An article on Second Avenue Sagas made us dream of a day when we could get to LaGuardia without playing Bussian Roulette on the M60 or watch the meter tick up and the beads of sweat trickle down our cabbie's neck as we sit motionless on the Kosciuszko Bridge. As late as 2003, $645 million was budgeted for an N train extension to LaGuardia, before being torpedoed by elected officials from Queens. When can we expect direct service to LGA to be a priority again? "Don't hold your breath," says Jeffrey Zupan, a senior fellow at the Regional Plan Association.

The plan to extend the N line from the Astoria-Ditmars Avenue station to the terminals originated in the mid-nineties, and was strongly backed by the MTA and the city. NAMBYs (Not Above My Backyard) like Queens councilmember like Peter Vallone, Jr. objected to the elevated tracks that would cut a three-mile swath through a chunk of his district.

"There was a fair amount of community and political opposition the last time we proposed a direct line to LaGuardia," MTA spokesman Adam Lisberg says. "And we listened."

He added, "We have nothing in our plans right now to bring rail service direct to LaGuardia. Right now, we're building the Second Avenue Subway, digging in Long Island and the East Side, finishing the 7 Line extension. We've got lots on our plate."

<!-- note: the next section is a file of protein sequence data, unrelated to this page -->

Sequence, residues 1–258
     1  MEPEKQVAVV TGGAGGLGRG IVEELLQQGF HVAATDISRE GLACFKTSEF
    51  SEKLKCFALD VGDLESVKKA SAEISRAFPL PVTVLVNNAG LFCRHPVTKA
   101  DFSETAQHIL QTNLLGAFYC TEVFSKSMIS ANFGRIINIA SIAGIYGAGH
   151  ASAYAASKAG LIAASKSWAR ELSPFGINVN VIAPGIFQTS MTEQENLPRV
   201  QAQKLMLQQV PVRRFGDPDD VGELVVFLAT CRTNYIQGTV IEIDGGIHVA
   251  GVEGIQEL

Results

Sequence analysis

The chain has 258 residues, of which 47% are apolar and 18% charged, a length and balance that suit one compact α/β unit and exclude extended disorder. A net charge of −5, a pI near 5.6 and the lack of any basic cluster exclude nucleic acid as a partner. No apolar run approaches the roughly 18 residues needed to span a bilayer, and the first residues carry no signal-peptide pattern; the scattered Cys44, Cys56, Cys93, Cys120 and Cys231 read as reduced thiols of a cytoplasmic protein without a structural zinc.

According to the Port Authority, 46.8% of travelers heading to New York's Saddest Airport come from Manhattan—89.3% get there via taxi, private, or personal car service. Only 8.9% take the bus, compared with 17.9% of travelers from other boroughs [PDF]. The MTA's proposal for an expedited bus service to LGA originating in Harlem was scrapped this summer after it got no support from the community.

"It's very much a businessperson's airport," Zupan says. "A high share of people are using it for business, so they don't carry a lot of luggage, which does speak in favor of adding public transit to LaGuardia. But it also means that if they're using it for business, they can afford a cab." (Or get reimbursed.)

Zupan says he supported a link that would originate at the Woodside LIRR station, which connects with the 7 train, and build an elevated line that would track along existing freight lines and the BQE with an Airtrain (think the Disney ride that takes you to JFK). But that might cost around $1.5 billion, which is the amount that the PA just pledged they would spend to directly connect the PATH to Newark Airport via the World Trade Center station in Lower Manhattan.

"Unlike Newark, where there's a rail solution, it's very hard to find an answer to LaGuardia," Zupan says. "I looked around the room at a panel discussion on this the other night, and I told them that even the youngest among you, not in your lifetime."

There is, of course, another bus. A newer bus. The MTA's new Q70 Limited-Stop Service from the Jackson Heights-Roosevelt Ave E/F/M/R stop or the Woodside LIRR stop. It's a 24-hour service, though it only runs every 12 minutes from 10 a.m. to 9 p.m. and every 20 minutes from 5 a.m. to 7 a.m.

"It's zippy, and it's not a lot of money," Lisberg insists, noting that the transfer is free from the E/F/M/R. Some of our commenters agree, one even calls it a "gem." We'll still do our damndest to fly out of Newark.